In a breathless voice begged for asylum. He went on to say that he had killed a man in a fray, and that the pursuers were at his heels. Campbell promised to shelter him. “Swear on your dirk! ” said the stranger; and Campbell swore. He then led him to a secret recess in the depths of the castle. Scarcely was he hidden when again there was a loud knocking at the gate, and two armed men appeared. “Your cousin Donald has been murdered, and we are looking for the murderer!”  Campbell, remembering his oath, professed to have no knowledge of the fugitive; and the men went on their way. The laird, in great agitation, lay down to rest in a large dark room, where at length he fell asleep. Waking suddenly in bewilderment and terror, he saw the ghost of the murdered Donald standing by his bedside, and heard a hollow voice pronounce the words: “Inverawe, Inverawe! Blood has been shed. Shield not the murderer! “In the morning Campbell went to the hiding-place of the guilty man and told him that he could harbor him no longer. “You have sworn on your dirk! ” he replied; and the laird of Inverawe, greatly perplexed and troubled, made a compromise between conflicting duties, promised not to betray his guest, and led him to the neighboring mountain, and hid him in a cave.  In the next night, as he lay tossing in feverish slumbers, the same stern voice awoke him, the ghost of his cousin Donald stood again at his bedside, and again he heard the same appalling words: “Inverawe! Inverawe!  Blood has been shed. Shield not the murderer! “At break of day he hastened, in strange agitation, to the cave; but it was empty, the stranger was gone. At night, as he strove in vain to sleep, the vision appeared once more, ghastly pale, but less stern of aspect than before. “Farewell, Inverawe!” it said ; “Farewell till we meet at Ticonderoga!” (Parkman, 1899, p86-87).

Now, when you’re a Scottish Laird, I imagine you get used to this sort of thing, and the strange name “Ticonderoga” being utterly meaningless to Duncan, presumably he decided to get on with his life, confident that at least his word was his bond, despite the occasional haunting.  In 1756, the Black Watch was called up and sent to North America for the French and Indian War.  Some 6000 British regulars (including the 42nd Foot and Major Duncan) and 9000 colonial troops marched up the Hudson Valley to lay siege to the strategically significant French emplacement at the south end of Lake Champlain, known at the time as Fort Carillon.  Unfortunately, it was only at this time that poor Duncan Campbell first heard the region called by its audaciously literal Iroquois name “It is at the junction of two waterways”, or more properly pronounced, Ticonderoga.  Obviously, this bummed Duncan out hard.  We have a lot of details on the day, as those 18th Century British military men had a thing about memoirs, and the British figured on quickly kicking some French derriere and settling in for some beer and pancakes.  Everyone, except for Duncan, that is.

Rogers with the Rangers, and Gage with the light infantry, led the way in whaleboats, followed by Bradstreet with his corps of boatman, armed and drilled as soldiers. Then came the main body. The central column of regulars was commanded by Lord Howe, his own regiment, the fifty-fifth, in the van, followed by the Royal Americans, the twenty-seventh, forty-fourth, forty-sixth, and eightieth infantry, and the Highlanders of the forty-second, with their major, Duncan Campbell of Inverawe, silent and gloomy amid the general cheer, for his soul was dark with foreshadowings of death. With this central column came what are described as two floating castles, which were no doubt batteries to cover the landing of the troops. On the right hand and the left were the provincials, uniformed in blue, regiment after regiment, from Massachusetts, Connecticut, New York, New Jersey, and Rhode Island. Behind them all came the batteaux, loaded with stores and baggage, and the heavy flatboats that carried the artillery, while a rear-guard of provincials and regulars closed the long procession (Richards, 1910, p17).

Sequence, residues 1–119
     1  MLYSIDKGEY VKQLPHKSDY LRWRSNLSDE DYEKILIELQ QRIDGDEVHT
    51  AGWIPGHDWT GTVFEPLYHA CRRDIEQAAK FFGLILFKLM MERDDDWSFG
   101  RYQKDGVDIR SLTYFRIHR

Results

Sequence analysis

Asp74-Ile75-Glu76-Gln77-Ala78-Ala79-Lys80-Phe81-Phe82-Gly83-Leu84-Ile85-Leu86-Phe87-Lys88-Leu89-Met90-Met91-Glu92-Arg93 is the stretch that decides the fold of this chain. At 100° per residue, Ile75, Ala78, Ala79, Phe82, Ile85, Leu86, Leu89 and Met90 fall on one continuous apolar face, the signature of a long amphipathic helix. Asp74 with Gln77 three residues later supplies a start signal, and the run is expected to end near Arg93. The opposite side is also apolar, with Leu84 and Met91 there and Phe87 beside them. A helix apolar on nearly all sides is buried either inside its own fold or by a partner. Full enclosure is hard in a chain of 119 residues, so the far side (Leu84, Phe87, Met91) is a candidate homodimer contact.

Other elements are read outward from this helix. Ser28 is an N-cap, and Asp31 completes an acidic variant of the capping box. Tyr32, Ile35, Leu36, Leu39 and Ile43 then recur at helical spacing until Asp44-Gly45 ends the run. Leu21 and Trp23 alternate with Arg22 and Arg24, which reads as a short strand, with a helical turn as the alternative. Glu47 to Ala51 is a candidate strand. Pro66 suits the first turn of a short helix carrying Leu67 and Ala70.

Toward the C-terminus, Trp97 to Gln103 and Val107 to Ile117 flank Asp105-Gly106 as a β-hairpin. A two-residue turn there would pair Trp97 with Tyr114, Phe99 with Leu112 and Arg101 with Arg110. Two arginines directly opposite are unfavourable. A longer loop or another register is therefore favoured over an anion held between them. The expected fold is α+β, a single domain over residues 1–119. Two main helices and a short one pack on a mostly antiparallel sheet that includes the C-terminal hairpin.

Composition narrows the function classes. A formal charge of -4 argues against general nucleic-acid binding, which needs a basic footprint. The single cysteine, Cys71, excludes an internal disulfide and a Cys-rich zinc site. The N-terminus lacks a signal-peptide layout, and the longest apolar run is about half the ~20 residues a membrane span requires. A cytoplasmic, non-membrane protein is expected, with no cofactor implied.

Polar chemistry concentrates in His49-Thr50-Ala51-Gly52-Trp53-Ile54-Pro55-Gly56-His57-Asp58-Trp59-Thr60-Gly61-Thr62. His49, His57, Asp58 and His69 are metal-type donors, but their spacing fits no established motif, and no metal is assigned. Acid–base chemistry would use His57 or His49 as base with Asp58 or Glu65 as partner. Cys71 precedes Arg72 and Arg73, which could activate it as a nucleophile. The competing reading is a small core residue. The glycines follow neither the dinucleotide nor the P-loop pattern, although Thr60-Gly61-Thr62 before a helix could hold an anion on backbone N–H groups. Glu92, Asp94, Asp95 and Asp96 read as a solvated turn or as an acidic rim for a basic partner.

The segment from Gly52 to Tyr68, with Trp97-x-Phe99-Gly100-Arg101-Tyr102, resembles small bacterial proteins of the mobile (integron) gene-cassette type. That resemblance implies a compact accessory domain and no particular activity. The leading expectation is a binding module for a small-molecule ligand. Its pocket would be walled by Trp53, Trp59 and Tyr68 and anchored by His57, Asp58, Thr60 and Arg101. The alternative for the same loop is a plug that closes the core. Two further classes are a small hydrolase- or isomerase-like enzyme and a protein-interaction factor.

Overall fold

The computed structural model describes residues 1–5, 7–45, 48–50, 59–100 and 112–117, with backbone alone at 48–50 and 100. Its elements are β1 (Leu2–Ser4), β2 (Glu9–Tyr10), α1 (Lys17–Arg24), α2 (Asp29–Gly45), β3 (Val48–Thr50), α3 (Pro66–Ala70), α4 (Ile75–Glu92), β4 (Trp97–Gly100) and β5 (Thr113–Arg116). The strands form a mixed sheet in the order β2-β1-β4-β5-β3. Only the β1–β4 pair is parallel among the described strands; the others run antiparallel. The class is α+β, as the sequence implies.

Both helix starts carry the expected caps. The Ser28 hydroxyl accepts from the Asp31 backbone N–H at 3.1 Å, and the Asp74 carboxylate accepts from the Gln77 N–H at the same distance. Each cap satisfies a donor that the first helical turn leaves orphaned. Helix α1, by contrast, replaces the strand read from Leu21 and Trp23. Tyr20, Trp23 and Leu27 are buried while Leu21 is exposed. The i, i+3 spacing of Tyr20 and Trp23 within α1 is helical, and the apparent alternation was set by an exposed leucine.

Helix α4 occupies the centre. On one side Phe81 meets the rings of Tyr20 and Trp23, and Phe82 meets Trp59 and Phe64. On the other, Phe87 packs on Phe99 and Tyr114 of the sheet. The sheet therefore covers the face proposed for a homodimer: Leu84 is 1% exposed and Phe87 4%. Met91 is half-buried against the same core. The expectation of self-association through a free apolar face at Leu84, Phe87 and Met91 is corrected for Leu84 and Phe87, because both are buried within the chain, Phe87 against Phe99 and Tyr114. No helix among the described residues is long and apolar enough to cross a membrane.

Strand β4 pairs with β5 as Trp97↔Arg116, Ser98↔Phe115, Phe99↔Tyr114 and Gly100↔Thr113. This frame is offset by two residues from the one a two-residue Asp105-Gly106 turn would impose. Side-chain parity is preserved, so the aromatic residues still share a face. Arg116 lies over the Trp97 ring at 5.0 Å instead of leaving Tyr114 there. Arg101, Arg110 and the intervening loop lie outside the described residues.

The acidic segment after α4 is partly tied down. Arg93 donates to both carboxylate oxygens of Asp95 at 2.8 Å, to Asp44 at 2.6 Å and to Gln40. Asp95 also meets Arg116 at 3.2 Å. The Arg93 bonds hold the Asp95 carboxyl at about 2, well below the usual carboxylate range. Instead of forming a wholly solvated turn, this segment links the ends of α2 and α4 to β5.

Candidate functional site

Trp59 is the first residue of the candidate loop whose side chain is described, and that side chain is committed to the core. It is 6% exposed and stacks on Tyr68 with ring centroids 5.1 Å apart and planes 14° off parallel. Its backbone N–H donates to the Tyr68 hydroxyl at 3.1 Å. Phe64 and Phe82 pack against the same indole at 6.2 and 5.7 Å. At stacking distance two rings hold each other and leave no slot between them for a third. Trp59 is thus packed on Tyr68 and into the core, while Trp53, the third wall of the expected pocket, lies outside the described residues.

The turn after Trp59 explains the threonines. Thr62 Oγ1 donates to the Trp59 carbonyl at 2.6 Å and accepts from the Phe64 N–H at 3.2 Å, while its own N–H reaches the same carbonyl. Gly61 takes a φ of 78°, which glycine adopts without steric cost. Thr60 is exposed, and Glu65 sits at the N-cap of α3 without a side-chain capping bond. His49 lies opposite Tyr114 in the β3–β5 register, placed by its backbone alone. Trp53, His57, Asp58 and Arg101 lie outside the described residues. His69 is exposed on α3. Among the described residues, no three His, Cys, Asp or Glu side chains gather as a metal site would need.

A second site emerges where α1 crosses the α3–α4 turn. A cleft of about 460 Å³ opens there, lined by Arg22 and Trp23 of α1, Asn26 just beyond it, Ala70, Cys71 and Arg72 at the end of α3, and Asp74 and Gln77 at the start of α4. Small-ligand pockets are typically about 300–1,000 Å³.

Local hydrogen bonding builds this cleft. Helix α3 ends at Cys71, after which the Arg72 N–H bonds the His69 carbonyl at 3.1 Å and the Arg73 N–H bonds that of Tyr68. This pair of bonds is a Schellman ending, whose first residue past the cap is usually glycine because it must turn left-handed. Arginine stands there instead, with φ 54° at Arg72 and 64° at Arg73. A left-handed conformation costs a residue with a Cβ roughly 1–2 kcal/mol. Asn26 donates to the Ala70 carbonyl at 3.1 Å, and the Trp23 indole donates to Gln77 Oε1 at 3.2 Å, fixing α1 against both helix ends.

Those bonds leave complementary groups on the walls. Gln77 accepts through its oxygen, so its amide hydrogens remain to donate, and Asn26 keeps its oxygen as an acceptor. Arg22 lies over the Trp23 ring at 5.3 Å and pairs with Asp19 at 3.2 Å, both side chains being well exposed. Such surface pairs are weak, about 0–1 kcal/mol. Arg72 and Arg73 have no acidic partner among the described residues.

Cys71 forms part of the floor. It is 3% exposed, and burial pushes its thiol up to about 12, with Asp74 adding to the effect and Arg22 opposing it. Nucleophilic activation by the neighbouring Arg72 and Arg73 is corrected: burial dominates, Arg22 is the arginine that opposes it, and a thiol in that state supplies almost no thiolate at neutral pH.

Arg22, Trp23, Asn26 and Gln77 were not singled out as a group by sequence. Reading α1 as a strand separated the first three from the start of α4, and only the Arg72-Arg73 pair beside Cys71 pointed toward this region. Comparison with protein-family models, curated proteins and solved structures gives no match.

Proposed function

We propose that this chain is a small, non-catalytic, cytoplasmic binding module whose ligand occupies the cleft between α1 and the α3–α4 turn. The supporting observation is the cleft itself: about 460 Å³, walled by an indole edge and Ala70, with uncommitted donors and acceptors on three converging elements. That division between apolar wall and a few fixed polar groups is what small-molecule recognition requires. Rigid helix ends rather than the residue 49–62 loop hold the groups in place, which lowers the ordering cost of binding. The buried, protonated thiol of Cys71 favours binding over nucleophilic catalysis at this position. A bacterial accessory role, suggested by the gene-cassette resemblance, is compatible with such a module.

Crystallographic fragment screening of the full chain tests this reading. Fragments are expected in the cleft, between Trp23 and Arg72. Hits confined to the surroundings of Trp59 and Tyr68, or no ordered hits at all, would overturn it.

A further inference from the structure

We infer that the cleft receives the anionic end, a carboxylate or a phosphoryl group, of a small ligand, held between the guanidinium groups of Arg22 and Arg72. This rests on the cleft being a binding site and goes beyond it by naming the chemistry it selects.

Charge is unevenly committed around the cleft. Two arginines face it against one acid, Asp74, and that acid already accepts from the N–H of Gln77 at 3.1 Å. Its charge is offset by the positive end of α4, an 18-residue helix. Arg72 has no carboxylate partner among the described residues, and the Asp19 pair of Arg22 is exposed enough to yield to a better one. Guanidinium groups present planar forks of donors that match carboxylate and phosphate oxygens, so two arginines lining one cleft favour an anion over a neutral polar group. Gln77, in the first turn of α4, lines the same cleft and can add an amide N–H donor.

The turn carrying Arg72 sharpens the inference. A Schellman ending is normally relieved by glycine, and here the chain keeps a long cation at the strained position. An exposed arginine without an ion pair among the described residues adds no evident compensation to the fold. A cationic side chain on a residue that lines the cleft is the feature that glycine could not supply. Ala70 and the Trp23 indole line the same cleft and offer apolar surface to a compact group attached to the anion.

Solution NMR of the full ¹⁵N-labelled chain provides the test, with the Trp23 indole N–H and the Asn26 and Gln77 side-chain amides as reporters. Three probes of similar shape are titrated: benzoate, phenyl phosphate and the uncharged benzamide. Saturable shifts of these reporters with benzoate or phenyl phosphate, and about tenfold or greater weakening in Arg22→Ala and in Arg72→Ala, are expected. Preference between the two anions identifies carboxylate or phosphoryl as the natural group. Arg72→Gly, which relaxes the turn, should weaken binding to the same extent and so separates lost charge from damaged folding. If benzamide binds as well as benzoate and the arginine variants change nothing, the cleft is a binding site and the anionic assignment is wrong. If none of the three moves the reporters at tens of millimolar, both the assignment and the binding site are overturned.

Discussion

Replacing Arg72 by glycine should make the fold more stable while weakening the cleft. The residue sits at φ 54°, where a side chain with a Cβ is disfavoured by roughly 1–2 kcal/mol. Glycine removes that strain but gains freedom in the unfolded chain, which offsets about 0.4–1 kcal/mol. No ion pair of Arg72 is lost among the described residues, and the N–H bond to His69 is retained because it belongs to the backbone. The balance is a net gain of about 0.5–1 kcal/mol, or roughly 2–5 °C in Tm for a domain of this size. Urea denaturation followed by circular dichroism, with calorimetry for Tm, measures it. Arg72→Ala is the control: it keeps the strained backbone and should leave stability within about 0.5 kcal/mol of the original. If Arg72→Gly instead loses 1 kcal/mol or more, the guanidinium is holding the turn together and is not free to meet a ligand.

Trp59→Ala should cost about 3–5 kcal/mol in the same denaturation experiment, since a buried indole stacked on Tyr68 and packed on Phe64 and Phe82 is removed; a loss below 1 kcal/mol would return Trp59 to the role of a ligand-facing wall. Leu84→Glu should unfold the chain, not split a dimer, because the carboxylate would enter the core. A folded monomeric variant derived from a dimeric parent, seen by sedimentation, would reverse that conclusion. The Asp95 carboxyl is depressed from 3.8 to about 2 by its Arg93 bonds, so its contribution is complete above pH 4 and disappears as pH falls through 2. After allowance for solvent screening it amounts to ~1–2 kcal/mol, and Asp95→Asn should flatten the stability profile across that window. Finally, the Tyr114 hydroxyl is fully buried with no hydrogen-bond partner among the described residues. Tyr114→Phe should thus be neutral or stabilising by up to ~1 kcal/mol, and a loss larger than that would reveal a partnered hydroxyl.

The French were heavily outnumbered by the British, but General James Abercrombie imprudently ordered a frontal assault on the entrenched French position without using field artillery, resulting in a decisive French victory and the bloodiest battle of the whole French and Indian War.  Fully half of the Black Watch infantry and at least two-thirds of their officers were killed in the attack.  Among the dead was Duncan Campbell of Inverawe, whose demise had been foretold by the ghost of an angry relative at a place he’d never heard of, nor had many ever called it by the name that would later go down in history, Fort Ticonderoga.

So, what can we learn from this, if anything?  Don’t harbor the killer of your kinsman, even if you’ve sworn on your dirk?  No problem.  Most of us don’t own a dirk.  Maybe ask somebody who they killed before you take an oath to hide them?  Always keep a good Gaelic to Iroquois dictionary handy?  In hindsight, it seems like there are a good number of ways to avoid a similar fate, starting with not being a Scottish Laird and not sheltering random fugitives that show up on your doorstep without asking questions.  Personally, I’d be most concerned about joining an organization that goes by the nickname “The Black Watch”.  That just can’t end well.

Parkman, Francis, 1823-1893. Historic Handbook of Northern Tour. Boston: Little, Brown and company, 1899.
Richards, Frederick B. The Black Watch At Ticonderoga And Major Duncan Campbell of Inverawe. [s.l.]: Fort Ticonderoga Museum Library, 1910.